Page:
In a recent test at the Minneapolis-St. Paul airport, the Transportation Security Administration failed to detect 94 percent of illicit items that actors smuggled through security screening that included fake explosives, weapons, and drugs.
This egregious performance comes at the same time that the Department of Homeland Security is requiring international airports around the world to comply with increasingly stringent security requirements.
As the latest instance in a history of administration failures, one is reminded of the 2015 “Red Team” tests in which the Transportation Security Administration failed to uncover 96 percent of illegal contraband that passed through its screening procedures.
Continuing to fail and hoping for different outcomes is unacceptable—it is time for Congress to make a change. The TSA should be privatized and the Screening Partnership Program and Canadian public-private partnership model provide excellent alternatives to emulate.
The TSA is currently responsible for screening passengers and cargo on flights originating in the U.S.
Despite large increases in funding toward these measures since 9/11, the TSA still struggles to provide effective and efficient screening services. In 2016, airports across the country experienced long wait times for travelers that left many contemplating alternative options to the existing system.
To combat this problem, the administration tried hiring additional officers and paying more for overtime, but these measures go to show the struggle the administration faces in managing its workforce and keeping costs down.
The TSA model also fundamentally counteracts prudent governance. The TSA is the regulator for aviation security, but on the other hand, is also the screener that must comply with the regulations it produces for itself. To negate this conflict of interests, provide better service, and more cost-effective security, alternatives must be considered.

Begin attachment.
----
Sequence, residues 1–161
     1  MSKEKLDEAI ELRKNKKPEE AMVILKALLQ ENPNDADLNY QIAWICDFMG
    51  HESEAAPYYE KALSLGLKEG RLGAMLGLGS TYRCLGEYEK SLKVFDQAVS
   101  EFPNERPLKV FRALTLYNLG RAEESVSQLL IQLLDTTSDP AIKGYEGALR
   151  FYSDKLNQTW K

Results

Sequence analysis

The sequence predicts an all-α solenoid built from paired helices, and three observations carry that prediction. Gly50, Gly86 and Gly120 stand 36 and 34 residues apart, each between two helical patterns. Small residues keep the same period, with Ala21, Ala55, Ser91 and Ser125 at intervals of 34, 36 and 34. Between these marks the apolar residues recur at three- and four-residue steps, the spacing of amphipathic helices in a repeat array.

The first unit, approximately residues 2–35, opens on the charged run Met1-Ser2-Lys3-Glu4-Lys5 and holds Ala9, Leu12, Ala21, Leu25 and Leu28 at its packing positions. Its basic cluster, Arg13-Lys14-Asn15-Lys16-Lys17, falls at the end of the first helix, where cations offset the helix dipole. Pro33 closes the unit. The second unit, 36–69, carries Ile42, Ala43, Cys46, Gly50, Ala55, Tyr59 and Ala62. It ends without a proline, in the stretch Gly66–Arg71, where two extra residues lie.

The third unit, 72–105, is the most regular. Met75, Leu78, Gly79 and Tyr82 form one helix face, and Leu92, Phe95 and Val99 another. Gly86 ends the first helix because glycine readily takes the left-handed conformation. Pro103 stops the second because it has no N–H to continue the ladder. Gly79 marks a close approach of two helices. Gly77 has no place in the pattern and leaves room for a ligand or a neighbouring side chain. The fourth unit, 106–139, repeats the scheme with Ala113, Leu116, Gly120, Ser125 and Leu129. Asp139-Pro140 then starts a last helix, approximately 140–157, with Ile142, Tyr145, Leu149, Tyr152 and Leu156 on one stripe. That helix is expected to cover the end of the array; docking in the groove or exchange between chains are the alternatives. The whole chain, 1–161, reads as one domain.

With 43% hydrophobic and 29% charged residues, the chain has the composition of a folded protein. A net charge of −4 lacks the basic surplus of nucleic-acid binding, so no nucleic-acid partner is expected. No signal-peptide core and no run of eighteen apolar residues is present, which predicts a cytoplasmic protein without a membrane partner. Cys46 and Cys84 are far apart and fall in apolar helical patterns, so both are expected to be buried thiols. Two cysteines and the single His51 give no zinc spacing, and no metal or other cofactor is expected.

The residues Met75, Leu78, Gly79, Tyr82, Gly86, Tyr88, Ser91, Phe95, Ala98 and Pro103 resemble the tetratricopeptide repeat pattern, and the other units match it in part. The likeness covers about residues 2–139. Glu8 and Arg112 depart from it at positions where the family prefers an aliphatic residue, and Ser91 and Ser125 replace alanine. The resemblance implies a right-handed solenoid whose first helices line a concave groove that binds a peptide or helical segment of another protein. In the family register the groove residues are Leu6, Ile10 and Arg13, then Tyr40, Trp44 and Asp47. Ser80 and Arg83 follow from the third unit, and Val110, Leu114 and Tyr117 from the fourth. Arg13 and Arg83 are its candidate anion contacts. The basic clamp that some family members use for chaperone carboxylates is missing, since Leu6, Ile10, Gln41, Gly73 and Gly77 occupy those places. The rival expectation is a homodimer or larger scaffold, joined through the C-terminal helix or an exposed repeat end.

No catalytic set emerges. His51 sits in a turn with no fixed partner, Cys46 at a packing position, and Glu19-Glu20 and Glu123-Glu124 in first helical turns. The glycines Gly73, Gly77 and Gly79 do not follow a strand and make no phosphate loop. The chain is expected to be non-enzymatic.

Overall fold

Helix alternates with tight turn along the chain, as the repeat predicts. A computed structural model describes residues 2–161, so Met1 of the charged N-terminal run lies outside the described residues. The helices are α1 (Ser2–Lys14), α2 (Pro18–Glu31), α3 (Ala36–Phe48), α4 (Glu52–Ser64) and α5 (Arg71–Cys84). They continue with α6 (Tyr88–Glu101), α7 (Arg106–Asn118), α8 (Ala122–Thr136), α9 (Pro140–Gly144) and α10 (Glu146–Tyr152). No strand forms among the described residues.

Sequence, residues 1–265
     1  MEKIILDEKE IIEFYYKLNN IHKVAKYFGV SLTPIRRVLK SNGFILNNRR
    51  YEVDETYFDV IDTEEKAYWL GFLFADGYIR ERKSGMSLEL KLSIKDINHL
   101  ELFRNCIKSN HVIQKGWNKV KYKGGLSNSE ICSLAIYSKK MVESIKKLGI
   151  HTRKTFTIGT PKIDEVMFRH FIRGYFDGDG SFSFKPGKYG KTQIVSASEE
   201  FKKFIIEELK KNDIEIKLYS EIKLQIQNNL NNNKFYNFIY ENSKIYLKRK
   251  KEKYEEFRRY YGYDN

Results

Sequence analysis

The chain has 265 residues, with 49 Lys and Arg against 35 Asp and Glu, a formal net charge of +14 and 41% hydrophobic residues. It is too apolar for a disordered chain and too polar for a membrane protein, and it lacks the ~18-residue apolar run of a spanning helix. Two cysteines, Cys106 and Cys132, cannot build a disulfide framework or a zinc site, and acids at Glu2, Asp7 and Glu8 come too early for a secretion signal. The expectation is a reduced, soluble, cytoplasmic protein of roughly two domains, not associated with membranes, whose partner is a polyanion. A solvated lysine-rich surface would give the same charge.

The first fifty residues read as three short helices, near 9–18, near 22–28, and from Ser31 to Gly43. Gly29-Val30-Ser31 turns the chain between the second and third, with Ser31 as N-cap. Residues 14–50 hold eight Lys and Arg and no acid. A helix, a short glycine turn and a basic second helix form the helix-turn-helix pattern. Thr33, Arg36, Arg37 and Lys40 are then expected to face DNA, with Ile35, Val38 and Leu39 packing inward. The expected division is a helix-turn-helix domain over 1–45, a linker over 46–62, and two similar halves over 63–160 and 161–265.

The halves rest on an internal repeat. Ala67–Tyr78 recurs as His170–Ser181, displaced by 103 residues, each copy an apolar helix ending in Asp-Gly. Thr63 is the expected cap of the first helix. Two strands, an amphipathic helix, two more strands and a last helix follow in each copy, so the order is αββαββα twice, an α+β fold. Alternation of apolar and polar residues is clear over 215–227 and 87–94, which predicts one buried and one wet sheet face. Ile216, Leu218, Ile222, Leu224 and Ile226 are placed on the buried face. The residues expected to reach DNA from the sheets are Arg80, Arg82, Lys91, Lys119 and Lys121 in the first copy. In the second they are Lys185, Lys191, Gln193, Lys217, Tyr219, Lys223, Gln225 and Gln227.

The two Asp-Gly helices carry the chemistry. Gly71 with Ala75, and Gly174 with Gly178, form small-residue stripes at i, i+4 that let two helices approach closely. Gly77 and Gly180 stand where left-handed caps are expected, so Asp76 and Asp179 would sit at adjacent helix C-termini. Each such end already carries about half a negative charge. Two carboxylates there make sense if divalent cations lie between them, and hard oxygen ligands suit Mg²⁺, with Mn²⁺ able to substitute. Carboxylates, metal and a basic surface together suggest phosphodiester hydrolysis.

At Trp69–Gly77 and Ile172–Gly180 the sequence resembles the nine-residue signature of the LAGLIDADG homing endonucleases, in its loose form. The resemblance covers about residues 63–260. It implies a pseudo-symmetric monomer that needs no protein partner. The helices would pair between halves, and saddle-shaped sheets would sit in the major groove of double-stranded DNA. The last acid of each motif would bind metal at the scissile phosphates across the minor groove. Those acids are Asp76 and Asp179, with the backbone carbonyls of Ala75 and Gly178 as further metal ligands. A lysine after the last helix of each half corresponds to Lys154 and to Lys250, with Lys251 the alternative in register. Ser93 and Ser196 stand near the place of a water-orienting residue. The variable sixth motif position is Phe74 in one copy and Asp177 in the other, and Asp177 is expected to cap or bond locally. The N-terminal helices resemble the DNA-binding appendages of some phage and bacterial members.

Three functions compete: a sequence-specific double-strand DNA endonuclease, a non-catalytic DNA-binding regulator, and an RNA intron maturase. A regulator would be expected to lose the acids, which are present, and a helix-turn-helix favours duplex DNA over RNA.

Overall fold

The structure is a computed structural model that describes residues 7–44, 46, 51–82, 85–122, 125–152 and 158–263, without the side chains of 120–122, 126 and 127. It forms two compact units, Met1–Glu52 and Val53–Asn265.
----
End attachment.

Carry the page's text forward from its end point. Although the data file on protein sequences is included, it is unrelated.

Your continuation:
The Screening Partnership Program substitutes private screeners with Transportation Security Administration oversight in place of federal administration screeners.
The program also increases productivity and security while decreasing costs. A study by the House Transportation and Infrastructure Committee in 2011 found that Screening Partnership Program screening at San Francisco was up to 65 percent more efficient than its federal counterpart’s screening at Los Angeles.
While some may have concerns about private security, if a private contractor fails to meet satisfactory safety standards, they can be easily replaced. The same cannot be said of the Transportation Security Administration.
Another viable option is to emulate Canada’s public-private partnership model in which the government establishes rules for aviation security and a government aviation company contracts out to private companies to handle the screening workforce.
This model is both more effective and less costly than the one currently in place in the U.S.
From 2005 to 2014, Canada spent 40 percent less per capita on aviation security than the U.S. and over the same period, Canada spent approximately 15 percent less per traveler than the U.S.
Privatizing the Transportation Security Administration would result in savings that could be reinvested in more effective homeland security programs that are currently underfunded, and it could improve aviation security across the U.S. as a whole.